I-Team questions police chief about raid on journalist's home, Jeff Adachi investigation

SAN FRANCISCO (KGO) -- The San Francisco Police Department is returning a journalist's equipment and notes, 11 days after a controversial raid at his home and office. It was part of a police investigation into who leaked a confidential report on the death of Public Defender Jeff Adachi.



This story has made national headlines; freedom of the press advocates say the SFPD broke state and federal law going after a journalist's sources by raiding his home and office.

EXCLUSIVE: Key witness in death investigation of San Francisco Public Defender Jeff Adachi speaks to I-Team

Bryan Carmody released new surveillance video from May 10th of San Francisco police officers trying in vain to open the gate at his home with a crowbar and sledgehammer. After he heard the commotion, he let them in. They placed him in handcuffs for hours and confiscated his cameras, computers, cell phones and notes. Our camera was there when officers wheeled the gear from his office.

"They confiscated his newsroom," Carmody's attorney, Thomas Burke, told reporters after the court hearing Tuesday. "All of you who do reporting have all kinds of stories on both your cell phones, you have leads, you have all kinds of things in your computers, your laptops, all of it, that was all gone."

Carmody has had an SFPD press pass for 16 years; he's a freelance journalist or "stringer" as they're called. He shoots video, conducts interviews, gathers documents, and sells the package to various media outlets including ABC7. He shot video of a natural gas line explosion in February and appeared on the air himself.

It was a similar situation later that month. San Francisco Public Defender Jeff Adachi died in this North Beach apartment. Carmody shot video, obtained a police report with pictures of the scene, and sold them to ABC7 and other stations. In March, the Medical Examiner concluded Adachi died from a toxic mix of cocaine and alcohol.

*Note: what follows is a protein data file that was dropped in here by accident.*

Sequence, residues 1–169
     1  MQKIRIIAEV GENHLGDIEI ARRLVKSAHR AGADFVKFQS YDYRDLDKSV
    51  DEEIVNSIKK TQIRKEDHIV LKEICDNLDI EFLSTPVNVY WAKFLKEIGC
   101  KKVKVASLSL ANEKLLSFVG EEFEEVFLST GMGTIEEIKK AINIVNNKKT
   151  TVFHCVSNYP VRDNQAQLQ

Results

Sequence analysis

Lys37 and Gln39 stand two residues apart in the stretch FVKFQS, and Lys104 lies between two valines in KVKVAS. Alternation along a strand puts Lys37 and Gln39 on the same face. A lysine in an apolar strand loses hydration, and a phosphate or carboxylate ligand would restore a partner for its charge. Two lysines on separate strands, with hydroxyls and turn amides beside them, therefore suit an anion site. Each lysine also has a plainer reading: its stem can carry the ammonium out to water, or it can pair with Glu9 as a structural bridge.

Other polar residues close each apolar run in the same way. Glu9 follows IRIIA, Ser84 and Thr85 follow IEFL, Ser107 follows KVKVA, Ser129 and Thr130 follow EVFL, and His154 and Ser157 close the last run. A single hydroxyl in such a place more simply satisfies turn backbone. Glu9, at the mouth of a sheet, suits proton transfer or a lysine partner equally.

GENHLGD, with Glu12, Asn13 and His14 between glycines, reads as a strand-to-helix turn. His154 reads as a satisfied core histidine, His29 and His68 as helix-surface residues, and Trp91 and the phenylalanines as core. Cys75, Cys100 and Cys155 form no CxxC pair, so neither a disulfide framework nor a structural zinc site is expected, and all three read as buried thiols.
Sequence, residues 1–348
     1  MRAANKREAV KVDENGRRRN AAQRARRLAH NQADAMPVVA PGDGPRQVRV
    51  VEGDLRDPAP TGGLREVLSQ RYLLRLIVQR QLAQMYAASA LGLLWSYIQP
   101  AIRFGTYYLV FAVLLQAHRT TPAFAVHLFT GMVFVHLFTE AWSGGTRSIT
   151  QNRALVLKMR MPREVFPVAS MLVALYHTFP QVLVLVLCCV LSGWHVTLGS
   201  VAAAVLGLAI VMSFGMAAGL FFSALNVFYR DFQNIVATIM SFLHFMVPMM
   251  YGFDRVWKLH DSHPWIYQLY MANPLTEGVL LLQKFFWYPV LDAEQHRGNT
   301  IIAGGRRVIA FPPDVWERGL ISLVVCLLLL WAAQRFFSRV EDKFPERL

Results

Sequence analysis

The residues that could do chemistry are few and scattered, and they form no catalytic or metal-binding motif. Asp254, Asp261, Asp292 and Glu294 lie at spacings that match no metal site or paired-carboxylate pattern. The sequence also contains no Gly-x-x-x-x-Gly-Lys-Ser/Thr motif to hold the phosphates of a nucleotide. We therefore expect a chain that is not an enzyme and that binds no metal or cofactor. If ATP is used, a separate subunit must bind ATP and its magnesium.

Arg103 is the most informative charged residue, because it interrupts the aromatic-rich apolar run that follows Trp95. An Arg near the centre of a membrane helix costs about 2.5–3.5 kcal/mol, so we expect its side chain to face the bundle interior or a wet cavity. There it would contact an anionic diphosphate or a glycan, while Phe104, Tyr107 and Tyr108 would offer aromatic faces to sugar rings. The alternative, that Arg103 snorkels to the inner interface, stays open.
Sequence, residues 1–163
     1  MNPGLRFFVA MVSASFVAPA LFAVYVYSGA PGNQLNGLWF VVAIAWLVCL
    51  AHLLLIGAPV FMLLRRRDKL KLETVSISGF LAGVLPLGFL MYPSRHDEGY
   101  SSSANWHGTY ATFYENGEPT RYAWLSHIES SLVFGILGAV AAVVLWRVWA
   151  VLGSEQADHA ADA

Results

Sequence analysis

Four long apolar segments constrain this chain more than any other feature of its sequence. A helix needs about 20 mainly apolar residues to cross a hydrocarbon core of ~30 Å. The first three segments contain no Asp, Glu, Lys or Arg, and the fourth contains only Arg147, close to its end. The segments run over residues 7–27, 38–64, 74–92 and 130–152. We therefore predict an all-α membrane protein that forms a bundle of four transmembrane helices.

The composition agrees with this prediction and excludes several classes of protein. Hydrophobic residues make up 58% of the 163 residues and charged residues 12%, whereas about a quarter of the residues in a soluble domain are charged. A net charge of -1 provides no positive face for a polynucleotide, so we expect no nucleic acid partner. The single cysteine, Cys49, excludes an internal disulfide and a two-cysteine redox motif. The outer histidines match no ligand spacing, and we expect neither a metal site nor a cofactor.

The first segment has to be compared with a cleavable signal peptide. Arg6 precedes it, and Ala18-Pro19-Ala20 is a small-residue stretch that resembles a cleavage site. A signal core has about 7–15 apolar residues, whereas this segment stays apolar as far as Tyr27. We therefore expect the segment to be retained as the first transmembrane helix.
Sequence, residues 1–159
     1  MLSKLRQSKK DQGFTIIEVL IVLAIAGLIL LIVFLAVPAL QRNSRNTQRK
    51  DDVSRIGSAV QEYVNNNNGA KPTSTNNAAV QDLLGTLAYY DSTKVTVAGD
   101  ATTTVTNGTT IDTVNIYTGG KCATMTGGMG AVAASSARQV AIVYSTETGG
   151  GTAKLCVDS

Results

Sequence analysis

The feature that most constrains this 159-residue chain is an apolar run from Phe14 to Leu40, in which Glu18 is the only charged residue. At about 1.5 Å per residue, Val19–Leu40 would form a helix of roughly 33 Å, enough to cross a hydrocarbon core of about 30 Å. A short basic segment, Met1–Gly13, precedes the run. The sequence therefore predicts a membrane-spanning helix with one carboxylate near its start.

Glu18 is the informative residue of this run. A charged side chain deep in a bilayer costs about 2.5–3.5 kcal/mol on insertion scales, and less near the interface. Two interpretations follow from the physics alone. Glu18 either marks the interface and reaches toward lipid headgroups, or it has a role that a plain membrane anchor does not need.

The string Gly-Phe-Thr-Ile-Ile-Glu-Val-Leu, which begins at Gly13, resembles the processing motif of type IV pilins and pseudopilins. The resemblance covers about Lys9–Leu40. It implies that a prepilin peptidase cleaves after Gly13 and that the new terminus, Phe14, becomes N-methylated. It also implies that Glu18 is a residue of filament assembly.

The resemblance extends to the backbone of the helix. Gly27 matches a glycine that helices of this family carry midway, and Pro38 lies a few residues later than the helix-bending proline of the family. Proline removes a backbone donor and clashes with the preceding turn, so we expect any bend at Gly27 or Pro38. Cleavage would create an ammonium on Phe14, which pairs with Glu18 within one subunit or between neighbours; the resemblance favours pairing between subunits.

RELATED: ABC7 obtains San Francisco police report on death of Public Defender Jeff Adachi

In April, the San Francisco Board of Supervisors held a hearing about the release of that police report, wondering if someone leaked it because Adachi was a long-time critic of the department.

San Francisco Supervisor Hillary Ronen said, "To have that type of maligning going on of a public official in San Francisco is disgusting."

They called for a full investigation and heard from Adachi's widow, Mutsuko Adachi.

"It was despicable what the police department did to myself and my daughter by releasing the police report."

Three weeks later, officers were banging on Carmody's door. His attorney filed a motion to have the search warrants revoked. On Tuesday, the judge set a new hearing date for June, and the SFPD attorney announced they are returning all of Carmody's materials.

Dan Noyes: "Is that a victory for you that they are giving back the equipment?"
Thomas Burke: "I think it's important when you have something like this happen that you get the material back as soon as you can."

Jim Wheaton of the First Amendment Project tells the I-Team, state and federal law is simple-- the raid was illegal, and that you can never search a journalist's office or newsroom to try to get their confidential sources.

"It's really important for everybody that reporters be able to keep their confidential sources confidential," said Wheaton. "So that they have access to them, so that we can all know what's happening in the shadows."

Police department attorney Ronnie Wagner did not address the legality of the raid during today's hearing, and would not answer Dan Noyes' as he followed her down the staircase.

Dan Noyes: "Why was that search proper?"
Ronnie Wagner: "I respectfully refer you to San Francisco Police Department media relations."

Late Tuesday, Police Chief Bill Scott held a news conference.

Dan Noyes: "How can you defend a raid on a journalist's home and office?"
Chief Bill Scott, SFPD: "So, I'm not here to try to defend it, because there's a lot of information that we really have to look at and reflect."

The chief confirms the SFPD did not consult with the DA's Office on the warrant and raid, but he says police still consider Bryan Carmody as a possible co-conspirator in the theft of the Adachi police report.

Chief Bill Scott: "We believe that the line was crossed."
Dan Noyes: "How so?"
Chief Bill Scott: "We believe that the line was crossed, and the premise that we're operating under is if Mr. Carmody was complicit in being a part of the illegal taking--"
Dan Noyes: "Is there evidence of that, of him conspiring?"
Chief Bill Scott: "That's what the investigation is all about."

Both Mayor London Breed and District Attorney George Gascon have issued tweets the past two days, critical of the police raid. We'll stay with this story, as it plays out.

Take a look at for a look at more stories and videos by Dan Noyes and the ABC7 News I-Team.
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